The course in "art smiths and metal sculptor" that has been on offer since 1989 is intended to cater to the demand for the qualified education for the new generation of metalworking companies. In addition, it is intended to educate arts and crafts specialists, offering profound knowledge of traditional techniques and new technology, so that they can work in restoration and also as contemporary metal designers. In the field of artistic metalworking, graduates are qualified to work as metal sculptors and also in the more traditional field of decorative metal working.
The college is structured to offer a four-year professional training course; the qualification at the end is equal to that in the profession the graduates intend to pursue. The graduates can immediately be integrated in the career world in the commercial or industrial sectors. It offers students that wish to start their own professional lives directly a qualified education.
Latest project: series of lectures
From 2004/2005 onwards, the Steyr College will offer university entrants and graduates from relevant colleges with design ambitions a further education course, the first of its kind in Austria: in its new Lecture series in object design - metal, the arts and crafts college offer university entrants a basic training in design and crafts implementation. Graduates from art colleges will receive their university entrance qualifications here. The subjects of product design and marketing are offered alongside the lectures, as the graduates should close the divide between production and marketing in small to medium-sized commercial companies as employees with creative or design skills.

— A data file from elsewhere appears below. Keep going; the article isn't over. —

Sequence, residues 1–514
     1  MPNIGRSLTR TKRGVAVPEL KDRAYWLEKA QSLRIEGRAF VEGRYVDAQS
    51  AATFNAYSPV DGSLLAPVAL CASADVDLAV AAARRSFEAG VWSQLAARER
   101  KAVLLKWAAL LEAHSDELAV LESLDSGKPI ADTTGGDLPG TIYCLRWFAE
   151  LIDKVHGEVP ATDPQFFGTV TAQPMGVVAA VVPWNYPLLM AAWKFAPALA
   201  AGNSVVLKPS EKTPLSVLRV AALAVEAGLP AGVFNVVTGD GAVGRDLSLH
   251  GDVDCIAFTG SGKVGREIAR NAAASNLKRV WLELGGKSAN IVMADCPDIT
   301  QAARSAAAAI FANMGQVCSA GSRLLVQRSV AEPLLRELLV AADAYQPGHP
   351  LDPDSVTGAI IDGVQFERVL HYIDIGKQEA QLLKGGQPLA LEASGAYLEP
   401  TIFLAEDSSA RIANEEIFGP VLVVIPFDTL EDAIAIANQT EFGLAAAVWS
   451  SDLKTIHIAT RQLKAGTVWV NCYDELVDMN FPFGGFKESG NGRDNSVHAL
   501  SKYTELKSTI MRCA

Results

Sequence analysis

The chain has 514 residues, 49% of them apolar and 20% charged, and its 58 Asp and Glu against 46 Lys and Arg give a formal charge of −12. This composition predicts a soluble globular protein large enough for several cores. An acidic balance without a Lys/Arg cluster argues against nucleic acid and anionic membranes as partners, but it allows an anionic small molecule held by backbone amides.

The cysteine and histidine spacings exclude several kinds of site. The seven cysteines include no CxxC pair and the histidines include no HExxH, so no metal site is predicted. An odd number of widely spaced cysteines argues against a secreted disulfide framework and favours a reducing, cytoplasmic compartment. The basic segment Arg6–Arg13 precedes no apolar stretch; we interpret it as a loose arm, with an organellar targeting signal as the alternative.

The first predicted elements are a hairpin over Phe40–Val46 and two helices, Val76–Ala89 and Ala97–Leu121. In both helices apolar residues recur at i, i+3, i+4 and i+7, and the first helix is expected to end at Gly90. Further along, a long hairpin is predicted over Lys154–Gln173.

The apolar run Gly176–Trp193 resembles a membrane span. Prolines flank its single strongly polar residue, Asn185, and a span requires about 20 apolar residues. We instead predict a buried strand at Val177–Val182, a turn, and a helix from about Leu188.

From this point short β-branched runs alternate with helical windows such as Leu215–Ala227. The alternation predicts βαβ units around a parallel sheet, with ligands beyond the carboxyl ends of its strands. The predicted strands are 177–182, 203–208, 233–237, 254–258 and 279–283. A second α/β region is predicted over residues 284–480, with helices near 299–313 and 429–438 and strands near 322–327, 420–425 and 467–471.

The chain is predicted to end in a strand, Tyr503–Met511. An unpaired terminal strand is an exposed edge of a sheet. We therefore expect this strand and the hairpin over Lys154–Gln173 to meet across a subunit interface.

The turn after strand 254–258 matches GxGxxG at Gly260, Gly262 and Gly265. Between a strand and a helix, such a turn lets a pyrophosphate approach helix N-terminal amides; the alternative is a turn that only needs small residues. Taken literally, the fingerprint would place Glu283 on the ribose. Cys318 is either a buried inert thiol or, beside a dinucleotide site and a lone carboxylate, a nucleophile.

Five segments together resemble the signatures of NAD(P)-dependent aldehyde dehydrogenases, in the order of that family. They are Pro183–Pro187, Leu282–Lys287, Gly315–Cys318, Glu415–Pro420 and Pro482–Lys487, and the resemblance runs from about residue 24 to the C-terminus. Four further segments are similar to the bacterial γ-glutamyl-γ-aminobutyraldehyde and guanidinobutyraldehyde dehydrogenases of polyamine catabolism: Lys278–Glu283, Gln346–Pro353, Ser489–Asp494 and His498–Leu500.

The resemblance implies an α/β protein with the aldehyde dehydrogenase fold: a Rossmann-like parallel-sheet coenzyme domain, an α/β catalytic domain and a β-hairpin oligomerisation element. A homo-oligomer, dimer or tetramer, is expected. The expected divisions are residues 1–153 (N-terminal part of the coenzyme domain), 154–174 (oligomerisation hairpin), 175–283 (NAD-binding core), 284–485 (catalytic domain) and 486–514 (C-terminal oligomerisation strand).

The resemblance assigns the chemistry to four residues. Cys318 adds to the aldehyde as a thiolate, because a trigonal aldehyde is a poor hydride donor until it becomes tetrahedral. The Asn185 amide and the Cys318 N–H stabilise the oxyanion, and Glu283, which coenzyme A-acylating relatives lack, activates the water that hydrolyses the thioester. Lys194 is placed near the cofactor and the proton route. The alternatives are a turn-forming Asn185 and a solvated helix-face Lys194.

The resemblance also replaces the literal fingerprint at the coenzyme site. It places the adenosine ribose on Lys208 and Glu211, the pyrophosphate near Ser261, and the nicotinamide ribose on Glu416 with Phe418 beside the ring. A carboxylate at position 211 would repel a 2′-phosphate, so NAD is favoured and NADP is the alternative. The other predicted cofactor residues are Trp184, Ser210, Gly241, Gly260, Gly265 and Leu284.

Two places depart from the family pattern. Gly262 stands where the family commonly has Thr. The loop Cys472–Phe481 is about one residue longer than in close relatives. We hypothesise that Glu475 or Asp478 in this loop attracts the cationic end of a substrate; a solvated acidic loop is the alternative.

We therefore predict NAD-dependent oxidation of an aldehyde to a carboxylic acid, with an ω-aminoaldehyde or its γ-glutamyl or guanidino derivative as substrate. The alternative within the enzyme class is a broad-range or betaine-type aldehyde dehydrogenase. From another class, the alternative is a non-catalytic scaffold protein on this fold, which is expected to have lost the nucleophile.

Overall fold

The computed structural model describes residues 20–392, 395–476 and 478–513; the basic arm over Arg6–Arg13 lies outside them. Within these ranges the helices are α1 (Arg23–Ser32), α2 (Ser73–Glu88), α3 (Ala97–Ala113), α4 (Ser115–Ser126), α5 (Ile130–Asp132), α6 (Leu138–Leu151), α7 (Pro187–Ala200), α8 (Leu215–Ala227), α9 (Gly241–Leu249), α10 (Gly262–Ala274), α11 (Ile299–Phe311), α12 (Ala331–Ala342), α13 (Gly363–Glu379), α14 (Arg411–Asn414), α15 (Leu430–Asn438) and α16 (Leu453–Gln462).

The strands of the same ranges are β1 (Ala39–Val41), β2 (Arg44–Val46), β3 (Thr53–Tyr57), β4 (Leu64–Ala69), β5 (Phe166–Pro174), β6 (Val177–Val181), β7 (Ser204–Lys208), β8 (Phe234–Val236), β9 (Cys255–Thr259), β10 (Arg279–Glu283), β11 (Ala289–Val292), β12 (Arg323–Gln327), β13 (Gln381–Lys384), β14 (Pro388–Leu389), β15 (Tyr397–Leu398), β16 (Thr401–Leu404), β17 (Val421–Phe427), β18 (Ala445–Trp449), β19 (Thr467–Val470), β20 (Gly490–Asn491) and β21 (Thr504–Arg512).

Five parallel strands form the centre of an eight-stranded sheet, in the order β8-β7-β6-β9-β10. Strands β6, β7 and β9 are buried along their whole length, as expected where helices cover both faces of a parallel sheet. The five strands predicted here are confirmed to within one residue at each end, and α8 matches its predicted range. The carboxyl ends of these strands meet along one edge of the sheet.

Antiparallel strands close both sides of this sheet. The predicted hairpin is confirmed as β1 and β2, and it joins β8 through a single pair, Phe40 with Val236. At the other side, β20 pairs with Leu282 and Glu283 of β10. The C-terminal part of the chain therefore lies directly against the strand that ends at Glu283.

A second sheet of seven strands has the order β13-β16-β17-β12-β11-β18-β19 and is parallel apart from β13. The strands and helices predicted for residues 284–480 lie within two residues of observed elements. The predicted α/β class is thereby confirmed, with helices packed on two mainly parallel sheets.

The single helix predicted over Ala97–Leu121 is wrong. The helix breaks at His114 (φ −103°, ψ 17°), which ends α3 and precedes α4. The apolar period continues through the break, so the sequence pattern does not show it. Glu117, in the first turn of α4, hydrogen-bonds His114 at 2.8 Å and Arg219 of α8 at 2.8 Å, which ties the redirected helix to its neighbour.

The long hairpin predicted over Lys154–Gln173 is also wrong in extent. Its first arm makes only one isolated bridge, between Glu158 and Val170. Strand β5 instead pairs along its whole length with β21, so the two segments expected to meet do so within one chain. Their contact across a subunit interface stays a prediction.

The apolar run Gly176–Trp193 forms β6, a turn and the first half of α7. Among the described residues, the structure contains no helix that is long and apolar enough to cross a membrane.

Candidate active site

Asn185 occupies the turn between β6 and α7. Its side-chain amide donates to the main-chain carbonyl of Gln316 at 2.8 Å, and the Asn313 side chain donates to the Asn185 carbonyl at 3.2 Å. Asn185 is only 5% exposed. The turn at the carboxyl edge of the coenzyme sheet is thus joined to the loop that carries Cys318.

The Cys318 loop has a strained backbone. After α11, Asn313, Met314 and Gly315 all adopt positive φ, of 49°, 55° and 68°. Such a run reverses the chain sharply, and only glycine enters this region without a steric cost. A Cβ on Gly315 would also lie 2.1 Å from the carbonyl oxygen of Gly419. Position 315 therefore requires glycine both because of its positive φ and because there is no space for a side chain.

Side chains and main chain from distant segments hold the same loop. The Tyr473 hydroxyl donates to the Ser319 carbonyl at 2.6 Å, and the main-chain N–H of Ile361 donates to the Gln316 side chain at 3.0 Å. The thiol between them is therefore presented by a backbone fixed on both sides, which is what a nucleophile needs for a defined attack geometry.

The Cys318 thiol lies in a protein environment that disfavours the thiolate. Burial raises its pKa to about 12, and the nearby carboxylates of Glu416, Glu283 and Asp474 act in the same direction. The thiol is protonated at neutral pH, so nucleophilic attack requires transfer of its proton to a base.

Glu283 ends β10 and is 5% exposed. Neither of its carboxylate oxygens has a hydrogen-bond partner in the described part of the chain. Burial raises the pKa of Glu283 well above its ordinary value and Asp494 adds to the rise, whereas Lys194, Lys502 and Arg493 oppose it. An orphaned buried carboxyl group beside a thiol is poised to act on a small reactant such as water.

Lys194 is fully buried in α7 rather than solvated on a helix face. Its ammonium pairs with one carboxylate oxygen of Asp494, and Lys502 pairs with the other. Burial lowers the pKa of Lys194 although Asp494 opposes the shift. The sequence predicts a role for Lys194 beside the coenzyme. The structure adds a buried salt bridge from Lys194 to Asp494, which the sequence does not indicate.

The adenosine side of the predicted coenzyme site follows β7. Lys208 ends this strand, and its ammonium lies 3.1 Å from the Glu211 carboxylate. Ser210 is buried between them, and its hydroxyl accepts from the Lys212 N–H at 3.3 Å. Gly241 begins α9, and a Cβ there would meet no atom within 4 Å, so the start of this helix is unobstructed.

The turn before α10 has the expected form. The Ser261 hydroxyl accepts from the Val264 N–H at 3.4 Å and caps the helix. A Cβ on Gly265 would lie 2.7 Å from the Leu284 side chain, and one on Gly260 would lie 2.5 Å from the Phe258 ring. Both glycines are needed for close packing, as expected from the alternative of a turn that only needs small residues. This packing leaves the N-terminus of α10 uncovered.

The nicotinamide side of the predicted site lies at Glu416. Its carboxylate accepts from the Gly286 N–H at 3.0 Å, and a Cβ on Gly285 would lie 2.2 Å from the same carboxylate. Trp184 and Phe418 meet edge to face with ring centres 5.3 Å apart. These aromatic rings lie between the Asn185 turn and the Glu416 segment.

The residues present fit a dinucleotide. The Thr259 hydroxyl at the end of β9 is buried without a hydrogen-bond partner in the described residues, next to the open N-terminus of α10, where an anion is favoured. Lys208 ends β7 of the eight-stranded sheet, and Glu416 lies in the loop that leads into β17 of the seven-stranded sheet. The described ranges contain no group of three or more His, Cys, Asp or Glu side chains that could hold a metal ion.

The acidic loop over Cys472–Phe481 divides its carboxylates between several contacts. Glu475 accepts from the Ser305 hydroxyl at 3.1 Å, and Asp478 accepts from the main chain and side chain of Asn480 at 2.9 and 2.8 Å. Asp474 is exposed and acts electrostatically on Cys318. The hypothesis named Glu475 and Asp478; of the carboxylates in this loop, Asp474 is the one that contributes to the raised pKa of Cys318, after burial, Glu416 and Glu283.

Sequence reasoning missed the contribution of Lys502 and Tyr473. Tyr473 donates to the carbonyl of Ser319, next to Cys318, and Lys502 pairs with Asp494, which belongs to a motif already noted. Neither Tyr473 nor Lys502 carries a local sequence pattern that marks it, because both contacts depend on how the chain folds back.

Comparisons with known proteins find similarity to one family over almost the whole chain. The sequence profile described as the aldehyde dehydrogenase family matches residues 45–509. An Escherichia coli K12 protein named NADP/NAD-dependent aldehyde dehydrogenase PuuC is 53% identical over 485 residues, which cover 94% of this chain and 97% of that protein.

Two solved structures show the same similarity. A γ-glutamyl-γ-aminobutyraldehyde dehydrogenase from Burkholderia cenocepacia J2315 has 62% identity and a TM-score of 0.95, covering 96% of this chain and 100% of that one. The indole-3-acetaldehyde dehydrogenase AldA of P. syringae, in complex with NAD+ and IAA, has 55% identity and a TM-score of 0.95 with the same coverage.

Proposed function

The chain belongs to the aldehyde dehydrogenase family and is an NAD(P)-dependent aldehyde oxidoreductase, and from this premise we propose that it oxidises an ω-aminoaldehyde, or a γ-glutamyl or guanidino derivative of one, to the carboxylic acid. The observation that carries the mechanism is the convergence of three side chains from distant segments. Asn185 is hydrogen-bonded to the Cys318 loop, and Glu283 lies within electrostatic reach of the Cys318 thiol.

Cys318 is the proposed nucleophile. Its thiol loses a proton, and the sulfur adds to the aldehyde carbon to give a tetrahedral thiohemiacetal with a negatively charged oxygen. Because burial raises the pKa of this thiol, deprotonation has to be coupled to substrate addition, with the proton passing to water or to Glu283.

"A Lecture series in object design - metal, as foreseen here, could close a loophole in the Austrian education system, as at the moment there are neither further education courses in design for specialists in the metal sector nor are there artistic courses for university entrants that integrate basic technological skills in addition to creative skills," says Ulrike Stoiber- Postelmair, Head of Department at the college. She is convinced that "a lecture series in object design would make a significant contribution to the "transparency" in the school education system and would be a further step towards avoiding young people getting caught in 'dead ends' in their personal education choices."
School without limits
The college attempts to instill in its students the knowledge that graduates should not simply attempt to establish themselves in their own small regions, but instead should make use of the opportunities of international mobility. In this context, particularly gifted students also receive language teaching in order to be prepared for the option of working abroad. Guest students from all over the world are also more than welcome in the Blumelhuber Villa. However, the college must itself be internationally present if it wishes to offer its students an international field of operation. This year, following on from 2003, the arts and crafts college has for the second time taken part in one of the world's largest jewelry fairs, the "Inhorgenta Europe" in Munich, presenting its range of products, informing interested parties and making contacts to international manufacturers and education centers.
by Christel Trimborn